For the first two months after Donald Trump announced his bid to run for president of the United States, the Huffington Post carried coverage of his campaign in its entertainment section.
And while most other serious news publications in the United States were not quite as blatant in their snub of the billionaire-cum-reality-television-star-cum-would-be-politician, the general mood among most journalists concerning “the Donald” has been one of condescendence at best, and insolence at worse.
But to their surprise and chagrin (as well as that of many establishment members of the Republican Party) Trump has — despite his foul-mouthed rhetoric, serious bouts of foot-in-mouth-disease, inimitable ability to offend just about everyone from war veterans to ethnic minorities and perhaps the worst haircut in modern coiffure history since Albert Einstein (with the possible exception of North Korean leader Kim Jung-un) — swept practically every primary so far and seems set to become the (God help us) Republican candidate for president of the United States.
So what is it that is making Trump — a distended buffoon who seems to pride himself on his vast plethora of misinformation and offensive racism — so popular with the common U.S. citizen?
It could just be the very fact that the media and establishment politicians don’t take him seriously.
The U.S. public is tired of being dictated to by both the press and the establishment, which traditionally have maintained a sneered attitude of superiority in dealing with voters and Middle America.
The educated elite of journalists and well-heeled politicians are simply not in touch with average working-class Americans, who have a medium education level of between high school and two years of associate training.
In fact, according the U.S. Census Bureau, less than 32 percent of adult U.S. citizens have a college degree, and less than 12 percent have a postgraduate degree.
This academic inequality between the governing (and political posturers) and the common American, coupled with the arrogant contemptuousness of the former toward the latter, has created a sense of distrust among voters for the government status quo and press.
Trump, on the other hand, knows how to make middle-class American voters identify with him, and does not have a holier-than-thou attitude when talking to them.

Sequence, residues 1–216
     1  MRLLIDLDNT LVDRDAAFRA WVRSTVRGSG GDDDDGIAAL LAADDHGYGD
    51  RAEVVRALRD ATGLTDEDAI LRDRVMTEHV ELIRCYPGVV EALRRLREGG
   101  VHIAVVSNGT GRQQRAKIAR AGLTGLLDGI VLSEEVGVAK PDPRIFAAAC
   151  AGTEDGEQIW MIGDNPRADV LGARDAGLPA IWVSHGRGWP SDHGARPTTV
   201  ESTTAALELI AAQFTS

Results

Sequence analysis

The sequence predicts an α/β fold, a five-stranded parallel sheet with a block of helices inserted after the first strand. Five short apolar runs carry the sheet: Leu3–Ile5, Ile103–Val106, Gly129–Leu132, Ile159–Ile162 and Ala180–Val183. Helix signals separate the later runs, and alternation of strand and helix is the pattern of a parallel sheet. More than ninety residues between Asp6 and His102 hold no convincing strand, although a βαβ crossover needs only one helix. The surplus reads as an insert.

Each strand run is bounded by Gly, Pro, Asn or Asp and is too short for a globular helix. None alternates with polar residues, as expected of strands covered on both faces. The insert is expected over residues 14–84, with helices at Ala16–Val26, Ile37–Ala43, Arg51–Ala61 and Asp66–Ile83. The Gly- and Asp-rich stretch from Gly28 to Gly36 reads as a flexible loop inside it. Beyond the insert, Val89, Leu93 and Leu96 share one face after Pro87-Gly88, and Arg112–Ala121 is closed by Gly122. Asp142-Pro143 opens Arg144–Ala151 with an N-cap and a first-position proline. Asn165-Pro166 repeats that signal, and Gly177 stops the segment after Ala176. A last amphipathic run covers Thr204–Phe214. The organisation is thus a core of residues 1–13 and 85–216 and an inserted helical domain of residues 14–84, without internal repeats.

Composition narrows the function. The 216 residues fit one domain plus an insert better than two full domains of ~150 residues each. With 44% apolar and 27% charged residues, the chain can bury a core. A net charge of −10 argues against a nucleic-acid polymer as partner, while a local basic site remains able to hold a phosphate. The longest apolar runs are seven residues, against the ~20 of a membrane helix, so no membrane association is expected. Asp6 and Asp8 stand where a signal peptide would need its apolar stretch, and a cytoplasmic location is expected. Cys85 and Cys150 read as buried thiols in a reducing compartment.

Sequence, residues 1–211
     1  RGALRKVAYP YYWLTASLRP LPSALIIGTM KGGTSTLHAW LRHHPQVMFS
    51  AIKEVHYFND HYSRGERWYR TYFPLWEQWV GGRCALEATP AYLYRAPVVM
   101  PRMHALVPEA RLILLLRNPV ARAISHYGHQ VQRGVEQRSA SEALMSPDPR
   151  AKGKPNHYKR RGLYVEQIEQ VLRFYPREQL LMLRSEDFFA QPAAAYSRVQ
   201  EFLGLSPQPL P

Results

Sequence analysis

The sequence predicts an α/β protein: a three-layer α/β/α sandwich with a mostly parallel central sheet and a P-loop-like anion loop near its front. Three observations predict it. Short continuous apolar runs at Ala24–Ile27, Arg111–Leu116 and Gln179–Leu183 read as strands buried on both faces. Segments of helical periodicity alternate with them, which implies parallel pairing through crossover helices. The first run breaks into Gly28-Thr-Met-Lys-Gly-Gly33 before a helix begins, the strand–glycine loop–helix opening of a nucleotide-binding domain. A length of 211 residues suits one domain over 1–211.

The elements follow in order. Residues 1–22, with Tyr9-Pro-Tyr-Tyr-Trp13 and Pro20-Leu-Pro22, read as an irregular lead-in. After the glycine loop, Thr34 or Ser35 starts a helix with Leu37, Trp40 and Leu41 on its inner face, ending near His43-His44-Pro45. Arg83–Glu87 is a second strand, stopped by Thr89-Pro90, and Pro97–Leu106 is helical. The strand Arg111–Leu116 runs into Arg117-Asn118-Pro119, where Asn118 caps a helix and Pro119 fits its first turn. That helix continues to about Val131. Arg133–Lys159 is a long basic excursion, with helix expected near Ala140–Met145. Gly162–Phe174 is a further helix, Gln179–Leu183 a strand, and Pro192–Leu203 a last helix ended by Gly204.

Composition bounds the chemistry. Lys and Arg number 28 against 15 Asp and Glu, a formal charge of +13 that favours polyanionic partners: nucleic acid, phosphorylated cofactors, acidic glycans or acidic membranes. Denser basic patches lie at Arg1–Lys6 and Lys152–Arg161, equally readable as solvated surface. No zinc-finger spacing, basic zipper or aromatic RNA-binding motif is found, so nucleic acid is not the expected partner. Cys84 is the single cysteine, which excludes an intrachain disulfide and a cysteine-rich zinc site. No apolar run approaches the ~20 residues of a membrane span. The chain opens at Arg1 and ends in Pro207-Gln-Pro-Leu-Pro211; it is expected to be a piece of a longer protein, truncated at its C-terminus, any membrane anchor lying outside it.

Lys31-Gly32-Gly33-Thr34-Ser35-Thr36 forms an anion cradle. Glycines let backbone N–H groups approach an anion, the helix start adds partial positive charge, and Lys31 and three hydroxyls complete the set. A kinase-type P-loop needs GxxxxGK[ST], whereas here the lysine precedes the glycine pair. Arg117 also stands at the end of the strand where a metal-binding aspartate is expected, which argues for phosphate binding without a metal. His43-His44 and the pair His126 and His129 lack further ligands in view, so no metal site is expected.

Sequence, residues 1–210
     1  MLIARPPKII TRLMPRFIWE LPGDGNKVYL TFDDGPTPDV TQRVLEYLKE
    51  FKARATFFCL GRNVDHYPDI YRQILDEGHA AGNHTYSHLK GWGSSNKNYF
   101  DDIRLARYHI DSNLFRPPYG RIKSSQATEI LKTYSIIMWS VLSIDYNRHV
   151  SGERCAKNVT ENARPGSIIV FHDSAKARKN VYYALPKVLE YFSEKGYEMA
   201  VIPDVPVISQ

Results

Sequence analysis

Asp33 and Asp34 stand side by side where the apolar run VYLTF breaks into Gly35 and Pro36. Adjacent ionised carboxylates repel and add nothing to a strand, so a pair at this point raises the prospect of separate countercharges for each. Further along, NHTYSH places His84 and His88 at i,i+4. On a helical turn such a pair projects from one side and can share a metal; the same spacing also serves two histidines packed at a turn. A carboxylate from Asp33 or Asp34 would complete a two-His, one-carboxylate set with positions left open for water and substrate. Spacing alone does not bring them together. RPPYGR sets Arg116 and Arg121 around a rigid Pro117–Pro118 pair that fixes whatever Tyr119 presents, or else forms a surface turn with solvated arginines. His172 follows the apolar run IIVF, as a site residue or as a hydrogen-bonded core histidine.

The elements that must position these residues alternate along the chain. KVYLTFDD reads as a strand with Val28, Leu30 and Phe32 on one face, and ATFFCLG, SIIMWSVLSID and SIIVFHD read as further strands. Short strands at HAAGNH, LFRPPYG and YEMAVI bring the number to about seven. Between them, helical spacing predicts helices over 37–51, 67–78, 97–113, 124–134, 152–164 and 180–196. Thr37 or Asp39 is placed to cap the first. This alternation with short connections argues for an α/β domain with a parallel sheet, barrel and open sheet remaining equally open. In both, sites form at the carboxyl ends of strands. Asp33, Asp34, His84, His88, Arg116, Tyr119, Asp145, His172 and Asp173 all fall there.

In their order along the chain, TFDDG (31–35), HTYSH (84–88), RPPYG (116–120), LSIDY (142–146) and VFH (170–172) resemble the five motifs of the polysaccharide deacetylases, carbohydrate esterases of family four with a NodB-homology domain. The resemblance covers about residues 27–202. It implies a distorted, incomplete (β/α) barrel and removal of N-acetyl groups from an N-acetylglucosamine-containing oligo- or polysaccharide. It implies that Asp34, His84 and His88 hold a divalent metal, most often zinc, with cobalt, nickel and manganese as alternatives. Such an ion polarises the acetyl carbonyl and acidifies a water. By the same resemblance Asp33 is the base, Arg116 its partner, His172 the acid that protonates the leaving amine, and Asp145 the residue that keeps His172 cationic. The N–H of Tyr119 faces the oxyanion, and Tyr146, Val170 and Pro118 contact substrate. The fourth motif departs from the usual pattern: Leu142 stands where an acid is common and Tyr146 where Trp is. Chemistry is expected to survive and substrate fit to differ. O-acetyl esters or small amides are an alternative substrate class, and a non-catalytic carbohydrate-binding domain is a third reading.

In other words, he gets off his high horse and down to their level, using their language and playing on the issues that concern them the most.
Simply put, many American voters see Trump as their champion, a “regular guy,” just like themselves (forget the fact that he is filthy rich and lives in a $100 million penthouse in Manhattan).
When the establishment GOP and media belittle Trump (who does a pretty good job of that all by himself) and imply that his supporters are stupid, the supporters only become more adamant in their defense of him.
For Trump supporters, a vote for the Donald is a vote against the stuck-up establishment that never bothered to take their concerns into consideration when promoting or implementing Washington’s failed political policies.
If the GOP establishment and mainstream media want the voting public to take them seriously, it is time for them to stop focusing on the barrage of mud-slinging slurs and personal insults that have become the bread and butter of this year’s campaigns.
Instead of dwelling on the size of the billionaire’s hands, it is time to concentrate on issues of more substance, such as his foreign policy (or lack thereof) and the infeasibility of his economic promises.
Granted, it was Trump (a natural born showman) who first initiated the transformation of the U.S. presidential campaign into a three-ring circus (drawing on his reality TV experience to pump up ratings with inflammatory remarks and actions).
But since then, the other candidates and the media have jumped on the scandal bandwagon, helping to fuel the fire of divisiveness and degradation, and giving Trump the publicity (and, ultimately, voter support) he so desperately craves.
If establishment politicians and the media are, as they seem to believe, intellectually superior to the average voter, then it is high time for them to start acting like it and put themselves above the fray of this slanderous and demeaning mud-wrestling prizefight.
The establishment needs to start taking the voting public seriously, without looking down their noses at the average working-class American.
And if they do, the average American may just stop taking Trump seriously.
Thérèse Margolis can be contacted at firstname.lastname@example.org.